Train strike dates: When you may face delays as train staff aim to ‘shut down’ UK railways

RMT General Secretary addresses potential strike action

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More than 40,000 staff from Network Rail and 13 train operators are expected to take part in a three-day strike after talks over pay and redundancies fell through. The action could leave only a fifth of mainline rail services running on these strike days, with the majority operating for a maximum of 12 hours; causing widespread disruption to passenger and freight services across England, Scotland, and Wales.

The RMT Union said members working for train companies have been subject to “pay freezes, threats to jobs and attacks on their terms and conditions”.

Network Rail plans to axe 2,500 maintenance jobs in an attempt to make £2 billion in savings over the next two years.

RMT general secretary Mick Lynch said: “Railway workers have been treated appallingly and despite our best efforts in negotiations, the rail industry with the support of the Government has failed to take their concerns seriously.

“We have a cost-of-living crisis, and it is unacceptable for railway workers to either lose their jobs or face another year of a pay freeze when inflation is at 11.1pc and rising.

“Our union will now embark on a sustained campaign of industrial action which will shut down the railway system.”

He claimed rail companies are making at least £500 million a year in profits, before adding: “This unfairness is fuelling our members’ anger and their determination to win a fair settlement.

“RMT is open to meaningful negotiations with rail bosses and ministers, but they will need to come up with new proposals to prevent months of disruption on our railways.”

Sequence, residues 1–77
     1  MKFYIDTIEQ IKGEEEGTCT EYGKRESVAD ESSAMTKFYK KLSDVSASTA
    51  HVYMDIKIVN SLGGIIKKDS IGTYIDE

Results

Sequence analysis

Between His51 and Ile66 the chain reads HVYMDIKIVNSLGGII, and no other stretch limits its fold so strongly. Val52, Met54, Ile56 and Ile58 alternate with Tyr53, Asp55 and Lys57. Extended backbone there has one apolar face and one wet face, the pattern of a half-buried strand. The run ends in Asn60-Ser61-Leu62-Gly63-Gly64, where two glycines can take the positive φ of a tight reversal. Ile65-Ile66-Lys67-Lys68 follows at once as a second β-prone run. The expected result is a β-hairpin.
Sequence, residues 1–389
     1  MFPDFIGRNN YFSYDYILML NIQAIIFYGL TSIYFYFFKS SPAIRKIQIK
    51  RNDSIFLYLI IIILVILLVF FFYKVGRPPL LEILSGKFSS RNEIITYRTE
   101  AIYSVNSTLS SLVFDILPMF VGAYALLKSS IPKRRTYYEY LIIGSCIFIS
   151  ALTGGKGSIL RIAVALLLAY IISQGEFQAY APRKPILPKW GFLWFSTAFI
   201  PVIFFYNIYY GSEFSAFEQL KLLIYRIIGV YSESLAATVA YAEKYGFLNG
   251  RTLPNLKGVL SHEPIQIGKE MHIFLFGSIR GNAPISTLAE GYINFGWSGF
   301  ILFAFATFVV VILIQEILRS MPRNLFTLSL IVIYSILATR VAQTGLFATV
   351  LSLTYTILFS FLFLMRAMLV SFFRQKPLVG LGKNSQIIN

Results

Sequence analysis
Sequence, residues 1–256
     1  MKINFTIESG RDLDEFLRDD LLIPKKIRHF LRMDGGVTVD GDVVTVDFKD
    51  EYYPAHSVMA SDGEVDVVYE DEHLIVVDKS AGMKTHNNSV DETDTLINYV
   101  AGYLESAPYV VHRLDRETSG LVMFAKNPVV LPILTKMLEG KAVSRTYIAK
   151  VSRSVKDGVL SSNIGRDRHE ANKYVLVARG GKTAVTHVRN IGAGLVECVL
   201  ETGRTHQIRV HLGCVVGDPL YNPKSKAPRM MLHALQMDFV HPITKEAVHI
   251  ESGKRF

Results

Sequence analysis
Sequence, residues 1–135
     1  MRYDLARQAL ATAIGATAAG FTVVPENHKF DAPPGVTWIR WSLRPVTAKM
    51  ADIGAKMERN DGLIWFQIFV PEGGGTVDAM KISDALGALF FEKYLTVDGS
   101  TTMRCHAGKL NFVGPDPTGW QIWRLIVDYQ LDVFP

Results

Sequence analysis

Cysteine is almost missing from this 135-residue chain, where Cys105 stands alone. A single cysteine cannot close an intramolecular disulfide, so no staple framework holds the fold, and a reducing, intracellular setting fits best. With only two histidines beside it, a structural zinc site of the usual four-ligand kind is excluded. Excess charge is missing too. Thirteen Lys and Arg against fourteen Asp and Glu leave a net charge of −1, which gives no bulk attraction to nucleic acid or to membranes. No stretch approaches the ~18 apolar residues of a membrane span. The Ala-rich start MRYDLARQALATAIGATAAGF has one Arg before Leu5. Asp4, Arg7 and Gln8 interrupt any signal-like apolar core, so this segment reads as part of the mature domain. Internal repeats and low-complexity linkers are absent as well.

When will the strikes be taking place?

The RMT Rail Union strikes will be taking place on June 21, 23, and 25.

The first day of the planned strike on June 21 will see London Underground RMT workers join the strike over a separate dispute over pensions and job losses – which will bring the total number of strikers to over 50,000.

RMT members include everyone from drivers, guards and catering staff to signallers and track maintenance workers.

Employees from 13 train operating companies will be taking part up and down the country, including those from:

Chiltern Railways
Cross Country Trains
Greater Anglia
East Midlands Railway
Great Western Railway
Northern Trains
South Eastern Railway
South Western Railway
TransPennine Express
Avanti West Coast
West Midlands Trains

Workers at Network Rail also voted to strike.

The supply of foods, goods and energy will be prioritised according to the Government, and trains might only be running on a reduced service on main lines.

Contingency plans are being worked on in a bid to keep some services running, but the timetable would be largely reduced.

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These strikes coincide with a number of major summer events, including Glastonbury Festival, the British athletics championships, as well as Hyde Park concerts for Elton John and the Rolling Stones to name a few.

On the strikes, Andrew Haines, Network Rail’s chief executive said: “We continue to meet with our trades unions to discuss their pay concerns and we’re doing everything we can to avoid strike action on the railway.

“We know that the cost of living has increased and we want to give our people a pay rise, but the RMT must recognise we are a public body and any pay increase has to be affordable for taxpayers.

“Travel habits have changed forever and the railway must change as well.”

“We cannot expect to take more than our fair share of public funds, and so we must modernise our industry to put it on a sound financial footing for the future.

“Failure to modernise will only lead to industry decline and more job losses in the long run.”

Describing the strike as “incredibly disappointing”, Transport Secretary Grant Schapps said: “The pandemic has changed travel habits – with 25 percent fewer ticket sales and the taxpayer stepping in to keep the railways running at a cost of £16bn, equivalent to £600 per household.

“We must act now to put the industry on a sustainable footing.

“We are working with industry to reduce disruption caused by strike action, but unions are jumping the gun by announcing this when talks have only just begun.

“We once again want to urge the unions to come to talks with the rail industry so we can work together to build a better, more modern, passenger-focused, railway.”

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